You can keep your topsoil healthy by incorporating regenerative methods like permaculture principles, no-dig gardening and composting your organic food waste. This practice means that you apply compost directly on the soil’s surface and hand-pick weeds rather than breaking up the ground with gardening hoes or shovels. MOre than ever before, Soil Conservation at home and on the farm is of vital importance.
Trust us, if you let the earth do its thing, you will be rewarded with an abundance of fresh produce.
Which Top Soil Is Suitable For Grass?
The best type of topsoil to use when planting grass is loam topsoil. It is comprised of equal amounts of sand, silt, and clay. Many gardeners prefer this soil over other topsoils because it contains more decayed organic matter, allowing for a healthier underground ecosystem and for roots to thrive and take strong hold.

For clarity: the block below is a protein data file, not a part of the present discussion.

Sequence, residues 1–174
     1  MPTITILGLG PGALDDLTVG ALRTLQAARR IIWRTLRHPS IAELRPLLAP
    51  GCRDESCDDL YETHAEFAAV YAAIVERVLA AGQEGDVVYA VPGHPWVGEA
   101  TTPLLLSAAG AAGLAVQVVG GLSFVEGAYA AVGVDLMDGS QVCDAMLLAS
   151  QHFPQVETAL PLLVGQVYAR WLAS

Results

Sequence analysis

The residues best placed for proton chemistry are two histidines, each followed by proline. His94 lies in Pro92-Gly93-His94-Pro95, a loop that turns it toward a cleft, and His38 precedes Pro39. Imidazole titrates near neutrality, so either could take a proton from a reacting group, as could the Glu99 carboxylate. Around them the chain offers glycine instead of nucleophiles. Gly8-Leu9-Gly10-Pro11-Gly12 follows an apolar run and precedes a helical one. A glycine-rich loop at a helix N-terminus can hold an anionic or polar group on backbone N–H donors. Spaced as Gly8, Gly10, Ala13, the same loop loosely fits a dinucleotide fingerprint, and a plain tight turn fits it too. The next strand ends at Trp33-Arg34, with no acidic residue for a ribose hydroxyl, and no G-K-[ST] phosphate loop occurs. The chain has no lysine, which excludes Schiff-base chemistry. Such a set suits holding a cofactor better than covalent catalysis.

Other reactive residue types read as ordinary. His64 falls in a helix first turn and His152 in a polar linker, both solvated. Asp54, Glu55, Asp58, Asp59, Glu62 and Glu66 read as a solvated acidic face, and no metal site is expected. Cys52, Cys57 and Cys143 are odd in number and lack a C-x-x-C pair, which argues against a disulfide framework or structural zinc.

Other varieties, such as clay or sand, are not as ideal for gardening because they may have issues with draining or retaining water adequately enough to support plant growth. However, clay is a great alternative option with a proper drainage system since it absorbs moisture well. When layered underneath loam or standard garden soils, it also makes a good foundation for grass.
Since loam features elements of these other main topsoils, you essentially get all the benefits of each when using this topsoil.
Can Top Soil Be Used in A Vegetable Garden?
Topsoil makes a stellar addition to vegetable gardens, providing essential nutrients that promote plant growth. It is also an excellent filler for raised garden beds. However, you will want to source topsoil that contains high levels of organic compost necessary for enriching the garden soil.